Q: Is the fear of a hospitalist shortage on your radar screen?
A: It is. But I can tell you this: We won’t stress about it, because it is going to happen. There will be a shortage—there already is. What we have to try to do is position ourselves as the company, or employer, of choice. We get close to 3,000 applicants a year and hire 200 or so, so we’re fortunate in that we have a tremendous amount of exposure to many of the people who are desiring a hospitalist career.
Q: What do you see as the biggest benefit to the IPC model?
A: There are a couple of things I see, not just as advantages but also as strengths. Number one, IPC has extremely strong leadership. All of the people I work with on the senior leadership level are top-notch people. It’s great to be part of an organization that surrounds itself with talent. The next thing is, it’s a great place to work. IPC was selected as one of the 100 best places to work in healthcare (by Modern Healthcare). We made this list, and a lot of other high-profile names in healthcare did not, so we’re very proud of that.
Q: How does the IPC model translate to increased quality of care?
A: We have resources to educate our physicians. There are hospitals around the country with one-person, two-person, or four-person groups that don’t have the resources to do certain types of training. They acquire it by experience. We’re able to orient them to hospital medicine first … and then bring them along slowly and give them the additional training we think they need to succeed. We also have the resources to do ongoing education and monitor quality measures and efficiency measures as well.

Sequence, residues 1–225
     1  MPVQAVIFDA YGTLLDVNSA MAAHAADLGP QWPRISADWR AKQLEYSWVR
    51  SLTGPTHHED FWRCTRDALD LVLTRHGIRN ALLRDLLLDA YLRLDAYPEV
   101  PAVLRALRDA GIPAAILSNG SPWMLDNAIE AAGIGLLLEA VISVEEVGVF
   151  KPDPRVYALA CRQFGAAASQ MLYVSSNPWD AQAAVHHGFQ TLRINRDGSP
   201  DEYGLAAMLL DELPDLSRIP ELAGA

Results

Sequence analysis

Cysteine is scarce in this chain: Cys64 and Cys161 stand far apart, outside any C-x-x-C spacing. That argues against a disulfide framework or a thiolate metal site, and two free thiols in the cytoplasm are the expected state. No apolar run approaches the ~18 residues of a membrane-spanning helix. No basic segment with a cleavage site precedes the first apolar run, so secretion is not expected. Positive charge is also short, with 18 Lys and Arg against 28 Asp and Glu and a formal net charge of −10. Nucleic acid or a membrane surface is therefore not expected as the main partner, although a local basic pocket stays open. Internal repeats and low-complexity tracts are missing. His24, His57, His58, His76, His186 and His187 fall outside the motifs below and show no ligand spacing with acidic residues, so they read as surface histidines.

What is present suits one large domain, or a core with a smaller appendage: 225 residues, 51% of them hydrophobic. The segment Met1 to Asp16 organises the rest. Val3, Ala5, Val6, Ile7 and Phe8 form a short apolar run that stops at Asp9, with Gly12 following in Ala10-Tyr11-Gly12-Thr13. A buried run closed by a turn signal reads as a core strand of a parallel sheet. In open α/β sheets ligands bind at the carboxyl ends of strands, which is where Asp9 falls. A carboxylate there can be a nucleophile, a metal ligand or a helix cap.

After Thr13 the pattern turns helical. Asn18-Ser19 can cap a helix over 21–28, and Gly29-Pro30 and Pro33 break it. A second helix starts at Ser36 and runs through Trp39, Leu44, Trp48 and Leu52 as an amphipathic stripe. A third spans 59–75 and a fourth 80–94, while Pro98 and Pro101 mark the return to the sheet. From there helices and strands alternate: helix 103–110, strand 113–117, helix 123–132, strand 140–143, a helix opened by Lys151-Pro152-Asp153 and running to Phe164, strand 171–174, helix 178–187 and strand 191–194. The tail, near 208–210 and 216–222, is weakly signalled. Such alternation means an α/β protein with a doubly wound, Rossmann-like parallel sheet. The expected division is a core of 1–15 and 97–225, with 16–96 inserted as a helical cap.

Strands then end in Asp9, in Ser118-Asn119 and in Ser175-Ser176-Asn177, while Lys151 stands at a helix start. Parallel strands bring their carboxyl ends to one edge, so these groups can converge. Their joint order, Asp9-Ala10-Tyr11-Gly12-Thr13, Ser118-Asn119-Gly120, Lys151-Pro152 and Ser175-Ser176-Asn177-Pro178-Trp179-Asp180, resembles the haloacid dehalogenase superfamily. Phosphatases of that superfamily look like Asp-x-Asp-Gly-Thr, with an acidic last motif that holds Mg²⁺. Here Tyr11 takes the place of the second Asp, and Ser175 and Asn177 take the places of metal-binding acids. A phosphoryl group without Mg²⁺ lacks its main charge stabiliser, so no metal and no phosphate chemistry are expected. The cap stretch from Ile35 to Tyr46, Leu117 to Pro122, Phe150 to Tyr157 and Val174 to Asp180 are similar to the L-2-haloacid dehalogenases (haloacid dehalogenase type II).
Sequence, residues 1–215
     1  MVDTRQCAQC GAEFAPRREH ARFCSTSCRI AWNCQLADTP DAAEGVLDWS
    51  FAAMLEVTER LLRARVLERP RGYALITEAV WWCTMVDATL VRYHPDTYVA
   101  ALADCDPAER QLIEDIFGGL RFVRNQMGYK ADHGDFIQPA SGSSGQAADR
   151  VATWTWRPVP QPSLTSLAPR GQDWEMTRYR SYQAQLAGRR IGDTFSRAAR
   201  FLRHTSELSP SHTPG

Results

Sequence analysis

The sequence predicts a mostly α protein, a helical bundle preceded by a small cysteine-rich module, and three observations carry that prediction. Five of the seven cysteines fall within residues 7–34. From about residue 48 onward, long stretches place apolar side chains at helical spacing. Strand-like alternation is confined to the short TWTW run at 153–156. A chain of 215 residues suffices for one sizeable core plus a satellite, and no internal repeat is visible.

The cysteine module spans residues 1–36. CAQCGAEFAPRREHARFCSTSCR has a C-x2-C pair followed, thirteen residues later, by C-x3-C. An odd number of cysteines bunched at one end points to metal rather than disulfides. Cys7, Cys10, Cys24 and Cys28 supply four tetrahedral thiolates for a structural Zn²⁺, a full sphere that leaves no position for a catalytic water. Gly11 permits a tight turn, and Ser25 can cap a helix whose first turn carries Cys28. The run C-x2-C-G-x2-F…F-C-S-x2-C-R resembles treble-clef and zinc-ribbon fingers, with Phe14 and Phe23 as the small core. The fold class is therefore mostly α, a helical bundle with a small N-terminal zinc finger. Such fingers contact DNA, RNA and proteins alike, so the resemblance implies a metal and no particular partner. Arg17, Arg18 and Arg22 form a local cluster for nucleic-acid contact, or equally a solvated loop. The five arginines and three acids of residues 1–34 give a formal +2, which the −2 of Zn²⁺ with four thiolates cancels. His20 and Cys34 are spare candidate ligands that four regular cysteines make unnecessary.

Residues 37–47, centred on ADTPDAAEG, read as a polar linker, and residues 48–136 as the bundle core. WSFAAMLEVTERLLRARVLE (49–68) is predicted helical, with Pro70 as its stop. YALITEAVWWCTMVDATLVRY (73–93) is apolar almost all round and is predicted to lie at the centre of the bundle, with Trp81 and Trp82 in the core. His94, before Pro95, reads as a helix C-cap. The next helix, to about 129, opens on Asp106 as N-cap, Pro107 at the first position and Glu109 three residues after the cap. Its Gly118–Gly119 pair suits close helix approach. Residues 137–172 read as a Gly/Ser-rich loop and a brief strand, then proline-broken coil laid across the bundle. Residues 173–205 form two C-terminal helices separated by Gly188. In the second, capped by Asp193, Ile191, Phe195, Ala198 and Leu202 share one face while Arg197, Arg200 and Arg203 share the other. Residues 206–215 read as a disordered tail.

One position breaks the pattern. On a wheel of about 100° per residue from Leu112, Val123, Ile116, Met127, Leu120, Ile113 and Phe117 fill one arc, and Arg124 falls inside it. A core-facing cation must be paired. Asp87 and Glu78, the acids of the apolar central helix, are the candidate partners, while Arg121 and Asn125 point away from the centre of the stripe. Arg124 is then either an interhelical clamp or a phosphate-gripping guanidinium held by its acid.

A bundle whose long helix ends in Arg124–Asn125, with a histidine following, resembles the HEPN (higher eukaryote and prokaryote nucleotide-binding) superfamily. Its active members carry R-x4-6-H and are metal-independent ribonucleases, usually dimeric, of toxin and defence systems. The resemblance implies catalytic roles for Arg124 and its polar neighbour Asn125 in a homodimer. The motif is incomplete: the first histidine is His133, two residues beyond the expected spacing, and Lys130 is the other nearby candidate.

Q: You have been a member of SHM’s Public Policy Committee for about four years. How important is that role?
A: I think it’s incredibly important. The Public Policy Committee gets to be in tune with what the national issues are, and we can help the society foster and create relationships. We had the chance to meet with members of Congress and other national organizations like CMS (Centers for Medicare and Medicaid Services) and AHRQ (Agency for Healthcare Research and Quality), even before healthcare reform became important.
Q: You and other members of the committee went to Washington, D.C., in March. What was the benefit of that trip?
A: We’ve been to Washington several times. We try to do it at least yearly. In previous years, we spent a lot of time just educating people about what hospitalists do. When we first went there, we were surprised by how many members of Congress had never heard of what a hospitalist was. This past year, they were much more aware of what a hospitalist is and how we can help with the goals of healthcare reform.
Q: What’s next for you?
A: I think for now I’m pretty happy with my position and my roles and responsibilities. I help with several different aspects of IPC. I help with some of the risk-management compliance issues. I make presentations to different hospitals and groups we’re thinking of doing business with. I have a varied career, and I enjoy it very much. TH
Mark Leiser is a freelance writer based in New Jersey.